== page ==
There are a few features that should be immediately recognizable from the beginning of the discussion. First, that P/E tends to be highly correlated with returns only after World War II (as well as in 1924-1930, but not 2008-2011), reflective of the market's modern tendency for P/E to be driven by multiple expansion rather than changes in earnings. At the same time, we can see that earnings growth has increasingly tended to be inversely correlated with both stock prices and the P/E multiple (note: because the scale for stock returns and P/E is inverted, this will appear as a positive correlation), although earnings since World War II are more consistently positive over the long term (at least until the 2000s).
Beyond that, however, is the relationship between peaks in earnings growth and changes in stock market performance. You might notice that peaks in earnings growth often roughly coincide with changes in the direction of the stock market, especially stock market peaks, even though annualized changes in stocks and earnings tend to be inversely correlated, especially during bull markets!
Earnings peaked in 1906, roughly around the same time as stocks. Late in the Roaring '20s, earnings growth spiked upwards again, peaking in 1931 (due to the 1921 collapse in earnings). The 1959 peak in stock return growth was led by the peak in earnings growth a few months earlier. In 1997, earnings growth peaked again, a few years before the top in the market.
As discussed in a previous section of the article, we already know (as much as anything can be known about the future) that earnings growth will peak in 2019 at a historically high level, probably twice the 1950s peak.
What is less noticeable perhaps is that earnings growth also peaks after the conclusion of bear markets, however. Stocks bottomed in 2009 but earnings topped out in 2012. In 1974, stocks bottomed; earnings peaked in 1981. In 1939, stocks bottomed, and earnings peaked in 1943. Stocks bottomed in 1921, earnings peaked in 1924. With the exception of the 1981 peak, most earnings peaks were due to violent earnings recoveries.
If you look at the 10% line on the earnings growth axis, you can see that peaks in earnings growth seem to be tied more to changes in long-term stock market direction than either the peaks or troughs of the stock market itself. The difference seems to be one of a difference in timing and volatility.
What about the market of the current decade of the 2010s? CAPE is too blunt an instrument to say anything especially reliable about such a specific time frame, but the timing and volatility of changes in earnings and share prices suggests that a significant P/E expansion during a stock market collapse is the formula for exceptional medium-term (five- to ten-year) gains. Perhaps the single most interesting thing about this chart is that market bottoms concluded with often very high P/E ratios (1894, 1921, 1939, 1946, and 2009). The only one that did not was the 1974 bottom. Prior to the 1960s, almost every instance of P/E peaking above 20 was during a market bottom. The 1920s were uncharacteristically modern insofar as P/E was raised to the 20-level primarily by surging stock market prices rather than falling earnings. It was only in the 1960s and 1990s that this 1920s pattern was to be repeated. In 2009, the market reverted to the form it took back when long-term earnings lacked the implicit growth guarantees.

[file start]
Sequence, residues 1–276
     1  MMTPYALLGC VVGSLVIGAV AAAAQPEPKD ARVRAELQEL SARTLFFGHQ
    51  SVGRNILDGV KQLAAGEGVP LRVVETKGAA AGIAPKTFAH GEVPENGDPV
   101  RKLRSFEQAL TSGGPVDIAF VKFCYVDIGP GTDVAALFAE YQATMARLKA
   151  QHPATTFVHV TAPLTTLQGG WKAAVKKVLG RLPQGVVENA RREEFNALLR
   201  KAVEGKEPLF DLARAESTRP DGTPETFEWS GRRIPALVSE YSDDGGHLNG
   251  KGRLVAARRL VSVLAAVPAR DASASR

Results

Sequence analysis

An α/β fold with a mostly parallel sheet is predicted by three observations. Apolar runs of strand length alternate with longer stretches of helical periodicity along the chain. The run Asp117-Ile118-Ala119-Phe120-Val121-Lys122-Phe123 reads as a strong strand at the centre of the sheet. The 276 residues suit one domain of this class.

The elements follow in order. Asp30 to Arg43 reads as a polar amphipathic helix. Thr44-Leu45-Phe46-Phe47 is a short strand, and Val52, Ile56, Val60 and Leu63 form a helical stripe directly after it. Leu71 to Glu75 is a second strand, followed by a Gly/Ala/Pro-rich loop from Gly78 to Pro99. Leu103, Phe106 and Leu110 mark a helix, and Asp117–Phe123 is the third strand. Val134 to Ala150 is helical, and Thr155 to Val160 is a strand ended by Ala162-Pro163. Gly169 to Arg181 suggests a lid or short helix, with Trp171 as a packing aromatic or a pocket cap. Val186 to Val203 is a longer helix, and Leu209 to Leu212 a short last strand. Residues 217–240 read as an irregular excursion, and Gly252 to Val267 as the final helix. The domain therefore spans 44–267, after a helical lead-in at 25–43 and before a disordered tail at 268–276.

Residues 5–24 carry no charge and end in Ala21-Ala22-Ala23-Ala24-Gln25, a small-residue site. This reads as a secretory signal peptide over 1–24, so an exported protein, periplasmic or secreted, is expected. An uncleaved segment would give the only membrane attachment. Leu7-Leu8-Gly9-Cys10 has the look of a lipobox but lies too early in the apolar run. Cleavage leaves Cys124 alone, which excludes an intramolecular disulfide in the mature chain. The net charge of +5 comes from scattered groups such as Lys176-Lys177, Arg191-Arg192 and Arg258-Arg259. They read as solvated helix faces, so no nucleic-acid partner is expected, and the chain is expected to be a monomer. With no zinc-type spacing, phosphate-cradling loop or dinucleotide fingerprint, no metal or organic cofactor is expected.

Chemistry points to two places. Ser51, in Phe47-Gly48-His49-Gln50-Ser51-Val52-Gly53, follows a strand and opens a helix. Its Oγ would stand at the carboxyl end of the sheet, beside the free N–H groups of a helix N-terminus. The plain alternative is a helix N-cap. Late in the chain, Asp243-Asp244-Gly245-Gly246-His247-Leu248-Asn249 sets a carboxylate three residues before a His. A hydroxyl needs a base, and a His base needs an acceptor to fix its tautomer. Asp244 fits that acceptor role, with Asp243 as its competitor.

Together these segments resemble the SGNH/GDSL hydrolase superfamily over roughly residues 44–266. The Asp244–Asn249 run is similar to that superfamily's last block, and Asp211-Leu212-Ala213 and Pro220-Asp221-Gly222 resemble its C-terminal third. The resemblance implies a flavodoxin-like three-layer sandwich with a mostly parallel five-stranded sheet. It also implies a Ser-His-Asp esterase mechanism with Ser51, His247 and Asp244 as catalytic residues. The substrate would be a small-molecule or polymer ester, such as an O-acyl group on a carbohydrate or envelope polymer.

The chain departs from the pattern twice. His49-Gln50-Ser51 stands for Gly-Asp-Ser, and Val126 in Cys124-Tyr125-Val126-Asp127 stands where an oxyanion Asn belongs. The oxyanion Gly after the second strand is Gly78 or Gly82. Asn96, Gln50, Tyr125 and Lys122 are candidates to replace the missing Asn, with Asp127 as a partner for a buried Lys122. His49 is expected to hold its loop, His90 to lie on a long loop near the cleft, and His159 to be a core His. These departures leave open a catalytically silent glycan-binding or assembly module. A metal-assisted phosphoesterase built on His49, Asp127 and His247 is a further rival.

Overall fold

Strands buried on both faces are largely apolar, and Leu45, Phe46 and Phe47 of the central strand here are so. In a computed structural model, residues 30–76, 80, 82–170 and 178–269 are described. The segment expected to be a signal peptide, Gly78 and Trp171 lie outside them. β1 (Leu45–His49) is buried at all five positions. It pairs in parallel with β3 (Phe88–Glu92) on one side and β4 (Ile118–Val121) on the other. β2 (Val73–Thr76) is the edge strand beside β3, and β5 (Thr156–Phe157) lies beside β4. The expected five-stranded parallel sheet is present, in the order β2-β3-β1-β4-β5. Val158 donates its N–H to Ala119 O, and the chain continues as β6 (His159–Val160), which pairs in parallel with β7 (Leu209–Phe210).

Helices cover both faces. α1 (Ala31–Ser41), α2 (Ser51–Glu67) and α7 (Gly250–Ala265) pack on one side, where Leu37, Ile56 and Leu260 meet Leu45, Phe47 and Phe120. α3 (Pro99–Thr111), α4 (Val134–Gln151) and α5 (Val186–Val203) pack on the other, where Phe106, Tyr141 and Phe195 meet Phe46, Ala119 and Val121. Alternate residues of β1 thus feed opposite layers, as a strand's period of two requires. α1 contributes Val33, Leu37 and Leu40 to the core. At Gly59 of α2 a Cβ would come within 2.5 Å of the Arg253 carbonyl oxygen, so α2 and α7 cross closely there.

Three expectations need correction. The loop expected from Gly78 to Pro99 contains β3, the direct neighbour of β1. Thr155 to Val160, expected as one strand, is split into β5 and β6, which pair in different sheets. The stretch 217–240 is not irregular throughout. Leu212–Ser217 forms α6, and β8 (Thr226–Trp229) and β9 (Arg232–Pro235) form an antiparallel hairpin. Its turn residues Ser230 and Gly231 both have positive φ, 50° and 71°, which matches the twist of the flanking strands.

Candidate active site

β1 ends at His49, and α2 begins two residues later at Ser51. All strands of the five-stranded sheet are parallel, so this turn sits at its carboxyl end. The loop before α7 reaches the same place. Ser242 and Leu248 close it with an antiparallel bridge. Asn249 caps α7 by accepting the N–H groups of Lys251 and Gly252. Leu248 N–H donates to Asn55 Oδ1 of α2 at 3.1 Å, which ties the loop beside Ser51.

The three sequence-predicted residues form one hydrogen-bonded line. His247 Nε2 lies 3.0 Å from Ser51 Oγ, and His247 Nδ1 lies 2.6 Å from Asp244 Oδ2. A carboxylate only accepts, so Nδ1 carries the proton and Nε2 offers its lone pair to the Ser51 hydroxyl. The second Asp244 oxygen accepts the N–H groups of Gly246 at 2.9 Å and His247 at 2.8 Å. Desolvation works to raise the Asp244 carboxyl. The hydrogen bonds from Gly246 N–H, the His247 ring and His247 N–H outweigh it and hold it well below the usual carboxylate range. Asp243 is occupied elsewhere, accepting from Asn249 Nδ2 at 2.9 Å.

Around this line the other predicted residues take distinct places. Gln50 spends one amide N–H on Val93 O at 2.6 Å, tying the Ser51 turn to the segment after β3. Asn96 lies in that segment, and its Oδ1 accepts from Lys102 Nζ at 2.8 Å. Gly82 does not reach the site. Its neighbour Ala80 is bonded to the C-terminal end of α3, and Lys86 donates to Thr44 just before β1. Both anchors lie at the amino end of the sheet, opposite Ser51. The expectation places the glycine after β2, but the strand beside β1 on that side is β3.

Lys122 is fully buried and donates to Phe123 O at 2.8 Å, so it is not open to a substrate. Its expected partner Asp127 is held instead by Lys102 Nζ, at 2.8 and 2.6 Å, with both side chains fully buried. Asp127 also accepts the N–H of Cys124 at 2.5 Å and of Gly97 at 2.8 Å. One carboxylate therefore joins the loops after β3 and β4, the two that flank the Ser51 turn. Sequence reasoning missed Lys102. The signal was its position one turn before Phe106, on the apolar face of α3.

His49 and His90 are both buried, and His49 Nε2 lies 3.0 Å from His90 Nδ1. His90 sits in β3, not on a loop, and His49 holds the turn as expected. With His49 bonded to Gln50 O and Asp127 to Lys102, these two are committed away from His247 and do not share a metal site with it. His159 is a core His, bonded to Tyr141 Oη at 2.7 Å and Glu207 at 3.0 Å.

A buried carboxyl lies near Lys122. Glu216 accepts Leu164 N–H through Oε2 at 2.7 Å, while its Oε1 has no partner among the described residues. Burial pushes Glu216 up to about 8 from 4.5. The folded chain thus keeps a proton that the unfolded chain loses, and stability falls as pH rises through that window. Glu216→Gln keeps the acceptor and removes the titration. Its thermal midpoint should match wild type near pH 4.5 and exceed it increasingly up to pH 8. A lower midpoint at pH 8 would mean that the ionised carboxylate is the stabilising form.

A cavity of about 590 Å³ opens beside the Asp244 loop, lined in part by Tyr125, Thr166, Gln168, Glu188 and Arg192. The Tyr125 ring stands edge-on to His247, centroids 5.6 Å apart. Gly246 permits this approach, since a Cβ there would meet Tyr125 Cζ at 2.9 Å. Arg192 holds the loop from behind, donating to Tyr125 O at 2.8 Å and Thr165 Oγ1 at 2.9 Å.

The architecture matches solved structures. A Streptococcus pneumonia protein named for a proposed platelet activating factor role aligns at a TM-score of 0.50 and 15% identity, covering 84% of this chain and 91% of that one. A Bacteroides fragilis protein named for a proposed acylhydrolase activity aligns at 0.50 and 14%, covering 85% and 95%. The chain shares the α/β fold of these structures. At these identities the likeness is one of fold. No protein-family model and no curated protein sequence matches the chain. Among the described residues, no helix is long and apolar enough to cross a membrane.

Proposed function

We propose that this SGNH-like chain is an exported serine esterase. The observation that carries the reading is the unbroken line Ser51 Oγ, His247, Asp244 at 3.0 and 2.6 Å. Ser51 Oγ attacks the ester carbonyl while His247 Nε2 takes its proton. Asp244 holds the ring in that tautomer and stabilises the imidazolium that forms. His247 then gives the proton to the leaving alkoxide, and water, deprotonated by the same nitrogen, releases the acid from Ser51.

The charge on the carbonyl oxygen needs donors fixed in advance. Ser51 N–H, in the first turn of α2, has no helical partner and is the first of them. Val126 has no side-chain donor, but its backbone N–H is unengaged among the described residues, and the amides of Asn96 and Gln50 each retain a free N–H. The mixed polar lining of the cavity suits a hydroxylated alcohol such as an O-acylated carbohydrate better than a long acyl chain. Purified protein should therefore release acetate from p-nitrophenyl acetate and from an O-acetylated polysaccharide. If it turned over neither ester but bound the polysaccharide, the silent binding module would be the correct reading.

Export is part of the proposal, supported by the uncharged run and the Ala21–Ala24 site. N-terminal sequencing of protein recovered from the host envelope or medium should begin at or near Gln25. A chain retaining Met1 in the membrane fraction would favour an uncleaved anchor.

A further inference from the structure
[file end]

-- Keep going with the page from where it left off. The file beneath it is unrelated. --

Fluctuations in the volatility of earnings seem to be intimately linked to stock market performance. Within the context of the cyclical and contra-cyclical behavior of the market relative to inflation, interest rates, and commodity prices, as well as earnings, greater precision in predicting markets may be possible by focusing on the relationship between cyclicality and secular trends. Until a greater understanding of these relationships can be pieced together, I would summarize the current situation in the following way:
We had not experienced an earnings shock such as the one we had five years ago for eighty years. History seems to suggest that they are followed by stock market booms that last not much longer than a decade. As the boom unfolds, the statistical rebound in earnings growth tends to peak with the market, even as the annualized fluctuations in earnings and stock prices become increasingly inversely correlated. By that point, the absolute level of P/E, by any measure, will probably be even higher than it is now. An end to the stock boom sometime around the end of the decade does not seem improbable.
Disclosure: I have no positions in any stocks mentioned, and no plans to initiate any positions within the next 72 hours. I wrote this article myself, and it expresses my own opinions. I am not receiving compensation for it. I have no business relationship with any company whose stock is mentioned in this article.